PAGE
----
Toronto Networking Seminar

Balancing Distance and Lifetime in Delay Constrained Multihop Wireless Communication

Ben Liang
Department of Electrical and Computer Engineering
 University of Toronto

Date:  Friday, September 22,  3pm
Location: BA1170 (Bahen Center)


In this talk, we discuss the problem of optimizing the packet transmission schedule in a multihop wireless network with end-to-end delay constraints. The emphasis is to determine the proper relative weights assigned to the remaining distance and the remaining lifetime in order to rank the urgency of a packet. We consider a general class of cross-layer transmission schemes that represent such relative weights using a single lifetime-distance factor, which includes, as special cases, schedules such as Earliest-Deadline-First and Largest-Distance-First. We propose an analytical framework, based on recursive non-homogeneous Markovian analysis, to study the effect of the lifetime-distance factor on packet loss probability in a general multihop environment, with different configurations of peer-node channel contention. Numerical results are presented to demonstrate how various network parameters affect the optimal lifetime-distance factor. We demonstrate quantitatively how the proper balance between distance and lifetime in a transmission schedule can significantly improve the network performance, even under imperfect schedule implementation.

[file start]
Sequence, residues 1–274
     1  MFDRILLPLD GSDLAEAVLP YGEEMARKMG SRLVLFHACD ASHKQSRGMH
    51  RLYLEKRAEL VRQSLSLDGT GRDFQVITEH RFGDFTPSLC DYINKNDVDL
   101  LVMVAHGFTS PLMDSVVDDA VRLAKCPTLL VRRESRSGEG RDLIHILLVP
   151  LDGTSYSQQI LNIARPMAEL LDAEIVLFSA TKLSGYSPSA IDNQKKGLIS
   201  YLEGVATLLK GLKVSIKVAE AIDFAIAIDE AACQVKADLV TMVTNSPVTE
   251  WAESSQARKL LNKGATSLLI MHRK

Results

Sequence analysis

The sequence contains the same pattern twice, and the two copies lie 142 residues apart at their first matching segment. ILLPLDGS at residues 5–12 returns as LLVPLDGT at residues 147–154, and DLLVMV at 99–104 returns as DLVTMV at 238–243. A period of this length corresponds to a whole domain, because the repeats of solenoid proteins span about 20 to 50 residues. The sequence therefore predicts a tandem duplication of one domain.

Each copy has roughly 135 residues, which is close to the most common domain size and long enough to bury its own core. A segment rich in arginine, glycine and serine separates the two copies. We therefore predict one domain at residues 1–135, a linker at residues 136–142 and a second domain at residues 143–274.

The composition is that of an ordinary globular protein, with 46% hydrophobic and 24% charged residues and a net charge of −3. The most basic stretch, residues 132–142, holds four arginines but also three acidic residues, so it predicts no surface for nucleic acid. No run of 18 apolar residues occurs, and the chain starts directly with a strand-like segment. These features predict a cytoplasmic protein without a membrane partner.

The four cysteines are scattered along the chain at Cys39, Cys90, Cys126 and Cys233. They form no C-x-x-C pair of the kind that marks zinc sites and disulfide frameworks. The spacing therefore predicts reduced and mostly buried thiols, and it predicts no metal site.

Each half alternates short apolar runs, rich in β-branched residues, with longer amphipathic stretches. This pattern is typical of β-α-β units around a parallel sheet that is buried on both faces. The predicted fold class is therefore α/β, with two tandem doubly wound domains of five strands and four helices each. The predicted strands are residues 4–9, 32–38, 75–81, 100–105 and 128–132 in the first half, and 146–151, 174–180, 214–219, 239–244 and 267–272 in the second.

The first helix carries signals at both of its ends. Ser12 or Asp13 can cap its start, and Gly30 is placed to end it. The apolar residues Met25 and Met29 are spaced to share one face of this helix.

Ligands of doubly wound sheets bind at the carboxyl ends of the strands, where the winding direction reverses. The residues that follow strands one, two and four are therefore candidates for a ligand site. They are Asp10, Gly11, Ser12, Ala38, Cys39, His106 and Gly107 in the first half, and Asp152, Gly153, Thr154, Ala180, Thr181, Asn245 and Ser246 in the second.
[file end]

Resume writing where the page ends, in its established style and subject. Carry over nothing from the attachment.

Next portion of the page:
Ben Liang received honors simultaneous B.Sc. (valedictorian) and M.Sc. degrees in electrical engineering from Polytechnic University in Brooklyn, New York, in 1997 and the Ph.D. degree in electrical engineering with computer science minor from Cornell University in Ithaca, New York, in 2001. In the 2001 - 2002 academic year, he was a visiting lecturer and post-doctoral research associate at Cornell University. He joined the Department of Electrical and Computer Engineering at the University of Toronto as an Assistant Professor in 2002. His current research interests are in mobile networking and multimedia systems. He received an Intel Foundation Graduate Fellowship in 2000 toward the completion of his Ph.D. dissertation, the Best Paper Award at the IFIP Networking conference in 2005, and the Runner-up Best Paper Award at the International Conference on Quality of Service in Heterogeneous Wired/Wireless Networks in 2006. He is a senior member of IEEE and a member of ACM and Tau Beta Pi. He serves on the organizational and technical committees of a number of major conferences each year.